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Antlers

Velvet-covered Antlers Growing

Male White-tailed Deer grow a new pair of antlers every year starting when they are one year old.  The size of the antlers depends on the age of the deer, genetics, and diet. Before antlers actually appear, structures called pedicles that connect the antlers to the skull develop.  Growth of the actual antlers begins in March or April and as more nutritious food becomes more available during May and June antlers grow more rapidly.

Antlers are one of the fastest growing bones that exist; growth is regulated by hormones which are controlled by the photoperiod, or length of day . Yearling antlers can grow about 1/8-inch a day during the summer, and adults as much as 1/4th of an inch.  While they are growing, antlers are covered with a layer of tissue called “velvet” which is dense with blood vessels that carry nutrients to the antlers. In August the supply of blood to the velvet diminishes and the antlers begin to harden. By September the velvet has dried and is falling off.  Antlers are used as weapons during rut, or the mating season, after which they fall to the ground, providing a valuable source of calcium and phosphorus for rodents. (Photo by Erin Donahue)

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White-tailed Bucks Shedding Antlers

White-tailed Deer bucks grow and shed a pair of antlers annually.  The main purpose of these bony growths is to serve as weapons against rival bucks during rut, or mating season.  During this time in the fall, prior to their 24-hour receptive period, does release chemicals to signal their readiness to bucks.  These chemicals keep the bucks’ testosterone level high, which in turn keeps antlers firmly attached to their heads.  Once rut is over, does stop emitting these chemicals, and as a consequence, the bucks’ testosterone level drops significantly.

When a buck’s testosterone level drops, it triggers cells called osteoclasts to become more active in the buck’s pedicles, the permanent bony bases which anchor the antlers to the buck’s skull. As a result, calcium is extracted from the pedicles which weakens the antlers’ connection to the buck’s skull, and eventually the antlers drop off.

It is rare that both antlers drop at the same time – usually there are four to eight days between the loss of the first and the second antler. I assumed that bucks needed to knock their antlers against something hard, such as the trunk of a tree, in order to get them to fall off.  However, years ago I witnessed a buck shedding an antler simply by dropping his head and then quickly flicking it upwards, sending an antler flying through the air. (Note pedicle where antler used to be attached. Photo by Alfred Balch)

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White-tailed Bucks Shedding Antlers

1-2-16-antler-049a2440Antlers, the fastest growing mammal tissue on earth, are grown by male White-tailed Deer (and very occasionally females) every year and shed every year. They begin growing in the spring, usually April, and complete their growth in August or September. During this period they are covered with “velvet,” a soft skin containing blood vessels and nervous tissue that supply oxygen and nutrients to the antler. Once growth ceases, the velvet dries up and falls off or is inadvertently rubbed off. The mating season of White-tailed Deer, or rut, during which time their antlers are instrumental in establishing hierarchy and securing a mate, peaks in mid-November. Once mating is over, the disadvantages of antlers (cumbersome shape for traveling through woods, and the energy required to carry them) promote the shedding of these bony structures. Specialized cells (osteoclasts) destroy the bone tissue between the antlers and the skull and antlers are shed sometime between the end of December and the beginning of February.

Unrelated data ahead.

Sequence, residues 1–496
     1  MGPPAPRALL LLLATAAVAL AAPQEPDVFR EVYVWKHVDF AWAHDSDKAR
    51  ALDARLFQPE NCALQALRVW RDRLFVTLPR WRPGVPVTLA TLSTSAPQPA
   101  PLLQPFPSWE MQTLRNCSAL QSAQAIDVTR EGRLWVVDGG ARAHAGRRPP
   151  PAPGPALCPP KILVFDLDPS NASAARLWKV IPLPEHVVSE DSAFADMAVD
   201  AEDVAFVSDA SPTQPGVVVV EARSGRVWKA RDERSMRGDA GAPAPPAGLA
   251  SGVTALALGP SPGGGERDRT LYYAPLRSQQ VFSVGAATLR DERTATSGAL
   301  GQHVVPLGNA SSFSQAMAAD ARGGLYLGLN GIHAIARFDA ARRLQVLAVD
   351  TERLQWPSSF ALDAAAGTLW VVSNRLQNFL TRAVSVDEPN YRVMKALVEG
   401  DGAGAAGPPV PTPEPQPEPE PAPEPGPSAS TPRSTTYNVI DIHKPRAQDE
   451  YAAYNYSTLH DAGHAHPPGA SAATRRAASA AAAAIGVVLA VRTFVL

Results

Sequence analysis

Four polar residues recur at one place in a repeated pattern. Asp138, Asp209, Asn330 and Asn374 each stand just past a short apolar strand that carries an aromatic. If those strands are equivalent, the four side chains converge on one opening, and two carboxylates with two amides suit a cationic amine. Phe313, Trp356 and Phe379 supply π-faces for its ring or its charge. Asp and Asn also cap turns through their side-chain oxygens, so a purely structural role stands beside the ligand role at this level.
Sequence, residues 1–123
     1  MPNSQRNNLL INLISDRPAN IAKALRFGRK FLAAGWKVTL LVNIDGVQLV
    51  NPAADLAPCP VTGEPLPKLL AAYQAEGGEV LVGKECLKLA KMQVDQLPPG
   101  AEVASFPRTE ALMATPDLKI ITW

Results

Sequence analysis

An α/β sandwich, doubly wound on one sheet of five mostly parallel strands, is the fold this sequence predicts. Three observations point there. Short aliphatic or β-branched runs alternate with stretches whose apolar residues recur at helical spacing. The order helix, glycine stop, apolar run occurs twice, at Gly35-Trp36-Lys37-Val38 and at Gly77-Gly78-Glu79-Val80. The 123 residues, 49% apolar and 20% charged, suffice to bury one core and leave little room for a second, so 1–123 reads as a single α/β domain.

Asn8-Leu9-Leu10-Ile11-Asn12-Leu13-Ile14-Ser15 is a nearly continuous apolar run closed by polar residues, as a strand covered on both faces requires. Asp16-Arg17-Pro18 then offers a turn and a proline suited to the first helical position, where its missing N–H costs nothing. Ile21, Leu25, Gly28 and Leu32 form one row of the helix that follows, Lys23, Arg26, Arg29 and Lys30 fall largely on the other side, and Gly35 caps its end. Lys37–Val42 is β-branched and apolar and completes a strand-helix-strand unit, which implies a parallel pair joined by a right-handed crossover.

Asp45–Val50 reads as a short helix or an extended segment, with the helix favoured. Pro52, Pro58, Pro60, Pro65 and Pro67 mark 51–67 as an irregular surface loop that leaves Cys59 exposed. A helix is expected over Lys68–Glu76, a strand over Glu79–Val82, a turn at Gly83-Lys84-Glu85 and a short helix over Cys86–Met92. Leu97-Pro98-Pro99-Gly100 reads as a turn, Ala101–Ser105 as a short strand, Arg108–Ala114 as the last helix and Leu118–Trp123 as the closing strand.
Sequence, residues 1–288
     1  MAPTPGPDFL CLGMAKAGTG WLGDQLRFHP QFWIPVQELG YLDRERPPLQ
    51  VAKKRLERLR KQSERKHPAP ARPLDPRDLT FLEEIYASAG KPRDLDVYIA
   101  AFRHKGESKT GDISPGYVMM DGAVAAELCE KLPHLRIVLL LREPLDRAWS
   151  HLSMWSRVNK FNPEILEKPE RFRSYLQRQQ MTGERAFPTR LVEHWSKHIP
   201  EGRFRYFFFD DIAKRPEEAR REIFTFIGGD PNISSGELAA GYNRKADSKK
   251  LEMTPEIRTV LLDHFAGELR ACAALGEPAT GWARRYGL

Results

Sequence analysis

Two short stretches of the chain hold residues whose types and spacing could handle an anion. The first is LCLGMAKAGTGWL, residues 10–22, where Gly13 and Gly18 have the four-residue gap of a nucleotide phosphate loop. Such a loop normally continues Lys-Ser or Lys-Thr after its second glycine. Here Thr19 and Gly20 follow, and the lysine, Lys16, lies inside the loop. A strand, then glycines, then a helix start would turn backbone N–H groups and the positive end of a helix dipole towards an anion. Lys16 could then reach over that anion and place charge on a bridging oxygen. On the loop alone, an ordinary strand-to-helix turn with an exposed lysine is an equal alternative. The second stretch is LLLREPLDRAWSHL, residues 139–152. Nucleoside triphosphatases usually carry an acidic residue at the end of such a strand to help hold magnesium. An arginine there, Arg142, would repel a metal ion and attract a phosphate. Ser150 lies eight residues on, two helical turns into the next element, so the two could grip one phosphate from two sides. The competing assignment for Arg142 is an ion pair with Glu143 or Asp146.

Most sources state that antlers just fall off or that the buck knocks them off by striking them against a tree. My personal observation of a buck in captivity clarified the way antlers are dropped, at least in this one instance. The buck put his head down, quickly jerked it up and to one side, and the antler went flying.

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Moose Antlers Growing

moose antlers 795Antlers grow faster than any other mammal bone — a big bull moose can grow an 80-pound rack in a summer, adding a pound of bone a day. While genetics has an influence on antler growth and size, nutrition is by far the most important factor, and males in high quality habitats grow much larger antlers.

In the early stage of growth, antlers are covered with a fuzzy skin called velvet, which contains a tremendous concentration of nerves and as well as a supply of blood. The velvet nourishes the growing antler for about five months, during which time the antlers are extremely sensitive to touch, and if injured, may be permanently misshapen. Eventually, when the bone stops growing, the velvet is shed. Bull moose then use their antlers to attract and fight for mates, as well as to root plants from the pond floor. A month or two after they have served their purpose of securing a mate, antlers are shed.

In moose, antlers may act as large hearing aids. Moose with antlers have far more sensitive hearing than moose without, and a study of antlers (with an artificial ear) confirmed that the antler behaves like a parabolic reflector.

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